Geek Logbook

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The elements of programming style: Documentation

Chapter 8: Documentation

The best documentation for a computer program is a clean structure. It also helps if the code is well formatted, with good mnemonic identifiers and labels (if any are needed), and a smattering of enlightening comments. Flowcharts and program descriptions are of secondary importance; the only reliable documentation of a computer program is the code itself. The reason is simple – whenever there are multiple representations of a program, the chance for discrepancy exists. If the code is in error, artistic flowcharts and detailed comments are to no avail. Only by reading the code can the programmer know for sure what the program does. 

This is not to say that programmers should never write documentation. Quite the contrary. In a project of any size it is vital to maintain readable descriptions of what each program is supposed to do, how it is used, how it interacts with other parts of the system, and on what principles it is based. These form useful guides to the code. What is not useful is a narrative description of what a given routine actually does on a line-by-line basis. Anything that contributes no new information, but merely echoes the code, is superfluous.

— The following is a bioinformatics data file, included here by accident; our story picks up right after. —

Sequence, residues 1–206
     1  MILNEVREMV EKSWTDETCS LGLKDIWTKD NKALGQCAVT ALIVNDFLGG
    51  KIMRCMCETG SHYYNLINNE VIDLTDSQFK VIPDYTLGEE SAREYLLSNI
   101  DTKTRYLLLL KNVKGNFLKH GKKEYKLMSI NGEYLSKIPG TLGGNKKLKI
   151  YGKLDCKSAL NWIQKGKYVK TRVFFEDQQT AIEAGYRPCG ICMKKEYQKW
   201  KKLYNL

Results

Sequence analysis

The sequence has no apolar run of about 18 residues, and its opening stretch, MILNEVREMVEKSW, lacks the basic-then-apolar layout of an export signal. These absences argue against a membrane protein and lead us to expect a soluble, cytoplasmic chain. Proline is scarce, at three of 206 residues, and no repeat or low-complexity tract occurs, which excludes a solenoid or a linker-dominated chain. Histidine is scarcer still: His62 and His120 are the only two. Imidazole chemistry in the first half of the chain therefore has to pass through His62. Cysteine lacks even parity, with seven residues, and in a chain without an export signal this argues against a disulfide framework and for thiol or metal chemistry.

• Make sure comments and code agree
  • Don’t just echo the code with comments – make every comment count
  • Don’t comment bad code – rewrite it.
  • Use variable names that mean something
  • Use statement labels that mean something
  • Format a program to help the reader understand it
  • Indent to show the logical structure of a program
  • Document your data layouts
  • Don’t over-comment

In summary: 

(1)  If a program is incorrect, it matters little what the documentation says. 

(2) If documentation does not agree with the code, it is not worth much. 

(3) Consequently, code must largely document itself. If it cannot, rewrite the code rather than increase the supplementary documentation. Good code needs fewer comments than bad code does. 

(4) Comments should provide additional information that is not readily obtainable from the code itself. They should never parrot the code. 

(5) Mnemonic variable names and labels, and a layout that emphasizes logical structure, help make a program self-documenting.  

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